Black Joe Lewis & the Honeybears – James Brown was grooving in his grave on Saturday morning as Black Joe Lewis and his Honeybears blew up the This Tent.
Black Uhuru – Despite playing on the 100,000 person capacity What Stage, the crowd for the Black Uhuru set was very sparse, but I took advantage of this and stood at the very front of the pit. Damn good reggae vibes being thrown around with touches of dub thrown in there, and I must say, after being forced to hear dubstep all week, my soul needed some true roots dub. They closed with “Guess Who’s Coming to Dinner?”, and that made me very happy.
Buffalo Springfield (photo by C. Taylor Crothers) – After a much needed nap, I saved myself a spot for the Buffalo Springfield show an hour and a half before the set was scheduled to begin. This turned out to be a great decision. Around 9:30pm, Neil Young, Stephen Stills, and Richie Furay calmly walked onto the Which Stage to play their fifth show in 43 years. The one major complaint that I heard about this show was that the sound was too quiet for the people sitting in the back. This did not affect me; therefore, I had the time of my life watching these legends performing. All of the classics have not lost their touch, and the harmonies sounded just as great as I would have imagined them sounding in 1967. The group performed an extended jam on my favorite Springfield song, “Bluebird”, which extended to about 10 minutes in length. Neil Young’s guitar work was dynamite as always. There was a magical moment for me halfway through the set when it started to rain and lightning strikes were all around. I took off my shirts, stuck my arms in the air, and said to myself “All hail the power of Neil Young”. They closed the set with Neil’s classic “Rockin’ In the Free World” including a jam that must have lasted for 12+ minutes. This was my personal favorite set of the weekend!
Dr. John with the Original Meters (performing “Desitively Bonnaroo”) - “funky”, “swampy”, “legendary”, and “excellence” are all words that I would use to describe this once-in-a-lifetime set. And did I mention “funky”?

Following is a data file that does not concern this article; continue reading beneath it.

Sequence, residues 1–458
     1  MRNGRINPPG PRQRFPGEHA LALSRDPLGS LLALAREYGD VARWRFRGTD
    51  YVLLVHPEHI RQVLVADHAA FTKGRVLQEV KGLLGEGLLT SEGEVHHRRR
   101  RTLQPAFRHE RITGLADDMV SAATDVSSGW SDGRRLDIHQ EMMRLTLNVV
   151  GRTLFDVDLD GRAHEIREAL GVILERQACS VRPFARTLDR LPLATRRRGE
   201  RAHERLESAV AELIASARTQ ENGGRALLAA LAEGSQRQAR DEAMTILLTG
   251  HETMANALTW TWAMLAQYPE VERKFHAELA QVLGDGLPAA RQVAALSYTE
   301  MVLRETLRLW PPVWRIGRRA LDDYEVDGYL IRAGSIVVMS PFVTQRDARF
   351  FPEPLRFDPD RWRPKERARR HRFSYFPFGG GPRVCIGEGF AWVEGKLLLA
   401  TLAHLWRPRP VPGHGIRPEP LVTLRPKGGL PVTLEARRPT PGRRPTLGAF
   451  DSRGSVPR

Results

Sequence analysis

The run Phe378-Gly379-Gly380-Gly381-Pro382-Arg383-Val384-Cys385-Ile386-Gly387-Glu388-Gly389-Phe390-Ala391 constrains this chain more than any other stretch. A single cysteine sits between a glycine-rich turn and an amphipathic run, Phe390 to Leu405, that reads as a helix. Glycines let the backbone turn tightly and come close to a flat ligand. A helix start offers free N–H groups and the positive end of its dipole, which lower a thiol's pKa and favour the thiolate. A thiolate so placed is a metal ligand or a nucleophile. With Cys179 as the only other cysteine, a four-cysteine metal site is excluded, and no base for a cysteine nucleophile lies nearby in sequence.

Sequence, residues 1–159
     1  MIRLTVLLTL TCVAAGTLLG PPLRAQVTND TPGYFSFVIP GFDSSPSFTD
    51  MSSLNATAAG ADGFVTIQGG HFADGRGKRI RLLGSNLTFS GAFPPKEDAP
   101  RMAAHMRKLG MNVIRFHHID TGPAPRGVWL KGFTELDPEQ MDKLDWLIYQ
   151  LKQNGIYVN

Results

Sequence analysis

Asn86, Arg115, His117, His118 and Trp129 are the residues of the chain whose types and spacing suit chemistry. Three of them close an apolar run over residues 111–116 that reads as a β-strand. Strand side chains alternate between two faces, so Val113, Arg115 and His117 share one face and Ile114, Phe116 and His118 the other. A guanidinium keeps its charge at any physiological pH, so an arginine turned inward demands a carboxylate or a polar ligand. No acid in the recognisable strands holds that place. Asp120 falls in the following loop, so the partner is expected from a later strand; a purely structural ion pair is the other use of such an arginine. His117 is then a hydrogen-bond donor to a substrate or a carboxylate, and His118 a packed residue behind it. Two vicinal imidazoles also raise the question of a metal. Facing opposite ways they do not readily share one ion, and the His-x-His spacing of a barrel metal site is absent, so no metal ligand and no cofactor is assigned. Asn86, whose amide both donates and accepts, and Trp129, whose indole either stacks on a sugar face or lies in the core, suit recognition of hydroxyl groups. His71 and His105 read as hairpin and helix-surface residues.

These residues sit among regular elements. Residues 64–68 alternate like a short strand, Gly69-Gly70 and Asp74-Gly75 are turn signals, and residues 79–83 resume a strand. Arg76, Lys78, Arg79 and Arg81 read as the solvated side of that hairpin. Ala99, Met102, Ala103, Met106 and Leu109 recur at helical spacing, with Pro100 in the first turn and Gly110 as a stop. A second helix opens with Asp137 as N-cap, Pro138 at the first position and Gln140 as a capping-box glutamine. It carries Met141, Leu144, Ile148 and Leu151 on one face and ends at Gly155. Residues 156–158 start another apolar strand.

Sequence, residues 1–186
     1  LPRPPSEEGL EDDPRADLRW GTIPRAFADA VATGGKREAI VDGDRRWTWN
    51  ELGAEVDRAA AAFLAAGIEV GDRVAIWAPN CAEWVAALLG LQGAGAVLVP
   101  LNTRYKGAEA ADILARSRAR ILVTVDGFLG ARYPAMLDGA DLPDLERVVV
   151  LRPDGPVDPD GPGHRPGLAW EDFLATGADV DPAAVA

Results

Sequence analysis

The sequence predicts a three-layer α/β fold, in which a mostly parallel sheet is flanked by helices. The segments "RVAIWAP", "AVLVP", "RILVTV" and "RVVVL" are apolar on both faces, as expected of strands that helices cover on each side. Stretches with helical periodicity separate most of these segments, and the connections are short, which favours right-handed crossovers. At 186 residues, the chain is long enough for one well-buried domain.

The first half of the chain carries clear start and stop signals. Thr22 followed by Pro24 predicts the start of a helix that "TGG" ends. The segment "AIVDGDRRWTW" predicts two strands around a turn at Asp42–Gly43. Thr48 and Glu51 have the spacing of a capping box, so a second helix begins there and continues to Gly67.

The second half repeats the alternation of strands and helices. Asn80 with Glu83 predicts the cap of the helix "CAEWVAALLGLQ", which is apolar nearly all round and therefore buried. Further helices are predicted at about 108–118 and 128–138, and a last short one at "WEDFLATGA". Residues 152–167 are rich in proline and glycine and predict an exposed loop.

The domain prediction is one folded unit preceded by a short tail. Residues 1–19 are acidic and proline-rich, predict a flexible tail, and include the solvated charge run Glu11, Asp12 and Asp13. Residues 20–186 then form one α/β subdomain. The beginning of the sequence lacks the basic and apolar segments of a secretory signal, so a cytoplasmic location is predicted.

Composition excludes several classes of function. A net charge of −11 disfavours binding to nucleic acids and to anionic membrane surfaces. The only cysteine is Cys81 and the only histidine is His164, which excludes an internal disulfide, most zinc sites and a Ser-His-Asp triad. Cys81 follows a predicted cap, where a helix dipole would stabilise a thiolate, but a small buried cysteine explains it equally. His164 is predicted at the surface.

Special Screening of “30 Minutes or Less” w/ Q&A with Aziz Ansari – “30 Minutes or Less” was not worth your money, but air-conditioning and talking to Aziz Ansari was worth my time. I asked Aziz some questions that the nation is anxious to hear, I got some responses. The Raaaaaaaandy movie has not been shot yet, and Aziz and Judd Apatow are currently working on a film about astronauts. Also, Aziz’s cousin, Harris, is doing well, and he is going to college next year (fingers crossed for UNC).
Mavis Staples – The legendary singer played her early afternoon set to perfection. She told the crowd early on that she was going to make this set into a church service, and she was not exaggerating. Adding covers of the Band’s “The Weight” and Buffalo Springfield’s “For What It’s Worth”, Staples proved to be one of the highlights of a stacked Sunday schedule.
Robyn (photo by Morgan Harris) – despite starting her set 30 minutes later than scheduled, Robyn left no attendee unsatisfied. It was her birthday, and she got everybody smiling and dancing with her Swedish pop stylings. Covering pretty much every track from her output over the past two years, Robyn and her talented backing band put on one of my favorite sets of the weekend. She declared after a single-song encore that the crowd was the best so far on her current tour.
Superjam (featuring Dr. John and Dan Auerbach) – Winning my attendance over Beirut, the Strokes, Robert Plant and the Band of Joy, and Explosions in the Sky was the great Bonnaroo tradition, the Superjam. This year’s Superjam was comprised of Dr. John and Dan Auerbach (of the Black Keys) joining forces to pay tribute to New Orleans music. They threw a couple of Dr. John classics in there, and they played “Iko Iko”. This made me a happy DeadHead. Exhaustion took over so I could not stay for the whole set, but what I saw was a beautiful display of great musicians paying their respects to great musicians of the past.
Widespread Panic – This was the most relaxing of the headliner shows of the entire weekend. I enjoyed it because I could actually dance/breathe while close to the stage. I had never seen a Panic show previously, and after hearing quite a few jam bands throughout the weekend, I declare that Widespread Panic was the best of the bunch. I feel like it was really nice scheduling to put a band such as Widespread Panic to close the festival. It felt like a shout out to the origins of the festival. As I walked towards the back of the crowd, I saw married couples dancing, paper lanterns being lit, beach ball games being played, and just a general good vibe being shared by the crowd.
(Photo by Kevin Hartmann)